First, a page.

Graduation at Edgewood College: Still Dreaming Inspite of the Pandemic
Cercio Guerrero Noguez (l-r), Evelyn Cuēllar Dominguez and Kevin Leauxay have been Edgewood College Community Scholars and graduated this past May.
Part 2 of 2
By Jonathan Gramling
In spite of the barriers and obstacles they have faced, the Edgewood College graduating Community Scholars have succeeded and crossed the finish line at Edgewood’s graduation ceremony held May 15th on the Edgewood College campus. Evelyn Cuēllar Dominguez, Cercio Guerrero Noguez, and Kevin Leauxay have each had their unique journey through higher education and the pandemic. But it is their strong belief as first generation students that a college degree is a passport to a better life for themselves and their families that has led them to succeed in spite a sometimes hostile world and a global pandemic.
Leauxay began the pandemic sheltering in place with some of his eight brothers and sister, mother and step father in a home that seemed to shrink
as everyone tried to continue their social and educational lives in a relatively confined space. It was especially difficult because Leauxay wasn’t attuned to virtual learning.
“I think every student experiences some kind of procrastination,” Leauxay said. “I feel it is inevitable, especially during this pandemic. It was just hard to be doing everyday things. To experience the pandemic and to be graduating has, like they said at the ceremony, been tough, but we made it. It’s hard because I am a very hands-on learner. Especially being in the field of science, labs are very important and need to be face-to-face. Personally, I just like to learn in-person. I retain the information lot more. I am just more engaged in-person. Learning online this past year has been tough. I learned a lot about my learning styles and personally how I like to learn and what is best for me. I didn’t thrive too well with online learning even though it seems easy. I’m not going to school anymore, but I know that they will open up in the fall. That will be exciting.”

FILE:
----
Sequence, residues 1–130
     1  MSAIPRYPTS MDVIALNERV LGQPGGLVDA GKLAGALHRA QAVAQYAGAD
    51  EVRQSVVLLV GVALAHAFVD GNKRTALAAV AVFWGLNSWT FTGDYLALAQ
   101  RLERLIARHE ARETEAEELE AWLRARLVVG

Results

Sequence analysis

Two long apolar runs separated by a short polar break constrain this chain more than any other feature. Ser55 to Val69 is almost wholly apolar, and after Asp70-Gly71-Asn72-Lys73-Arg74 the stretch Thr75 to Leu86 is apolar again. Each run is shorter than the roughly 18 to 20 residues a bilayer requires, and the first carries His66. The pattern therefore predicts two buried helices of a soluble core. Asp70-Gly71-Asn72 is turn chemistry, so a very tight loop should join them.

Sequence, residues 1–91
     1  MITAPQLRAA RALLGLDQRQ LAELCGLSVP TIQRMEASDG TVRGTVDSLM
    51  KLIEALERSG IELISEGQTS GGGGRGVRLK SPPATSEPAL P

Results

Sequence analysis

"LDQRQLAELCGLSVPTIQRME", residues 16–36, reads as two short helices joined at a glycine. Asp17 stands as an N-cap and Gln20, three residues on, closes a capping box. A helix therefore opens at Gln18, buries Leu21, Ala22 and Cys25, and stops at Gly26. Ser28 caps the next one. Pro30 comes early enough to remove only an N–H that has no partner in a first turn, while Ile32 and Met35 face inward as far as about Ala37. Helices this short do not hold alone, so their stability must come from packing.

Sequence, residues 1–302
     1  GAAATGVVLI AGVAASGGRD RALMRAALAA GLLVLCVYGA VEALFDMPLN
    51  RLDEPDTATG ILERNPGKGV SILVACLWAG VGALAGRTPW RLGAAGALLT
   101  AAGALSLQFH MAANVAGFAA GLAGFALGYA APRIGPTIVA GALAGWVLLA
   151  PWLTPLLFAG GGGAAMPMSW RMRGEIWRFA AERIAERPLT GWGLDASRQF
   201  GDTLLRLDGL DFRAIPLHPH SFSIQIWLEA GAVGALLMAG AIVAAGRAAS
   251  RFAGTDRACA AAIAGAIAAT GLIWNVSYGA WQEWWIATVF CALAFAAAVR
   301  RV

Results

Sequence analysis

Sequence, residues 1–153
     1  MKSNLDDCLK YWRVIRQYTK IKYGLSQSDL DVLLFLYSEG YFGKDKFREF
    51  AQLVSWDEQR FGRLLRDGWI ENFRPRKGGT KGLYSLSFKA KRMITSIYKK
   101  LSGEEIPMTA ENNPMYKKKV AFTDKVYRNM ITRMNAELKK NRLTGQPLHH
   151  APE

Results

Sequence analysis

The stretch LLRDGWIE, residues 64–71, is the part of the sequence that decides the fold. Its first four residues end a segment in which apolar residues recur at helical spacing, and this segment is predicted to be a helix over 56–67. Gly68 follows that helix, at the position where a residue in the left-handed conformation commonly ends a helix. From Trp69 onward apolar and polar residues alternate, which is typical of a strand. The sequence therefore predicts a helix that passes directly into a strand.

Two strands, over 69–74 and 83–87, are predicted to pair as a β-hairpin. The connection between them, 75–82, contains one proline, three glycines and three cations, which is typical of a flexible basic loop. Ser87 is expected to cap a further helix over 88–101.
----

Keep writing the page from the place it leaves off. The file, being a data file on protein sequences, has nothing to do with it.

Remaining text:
Although Leauxay entered Edgewood College with pre-medicine in mind, he left with a bachelor’s of science degree in neuroscience.
“I actually really enjoy research, conducting studies, reading different studies and learning how they add to the knowledge of neuroscience,” Leauxay said. “It’s been a passion that has been growing over the years, especially meeting professors at Edgewood who teach neuroscience classes. I met my advisor, Ferrinne Spector, early in my college career. I didn’t realize that she would play such a huge role in my interest in neuroscience. She is really passionate about what she teaches and I can see that. I think that is why I appreciate her so much. It makes me more curious and want to learn more every day. It’s fascinating to learn about different parts of the brain and how they function. There are so many things that we don’t know. I’m never going to learn everything about the brain in my lifetime. To help in any way possible would be amazing.”
Leauxay is taking a gap year before continuing his educational journey in order to catch his breath. When asked what advice he would give incoming freshmen, Leauxay emphasized cherishing the moment.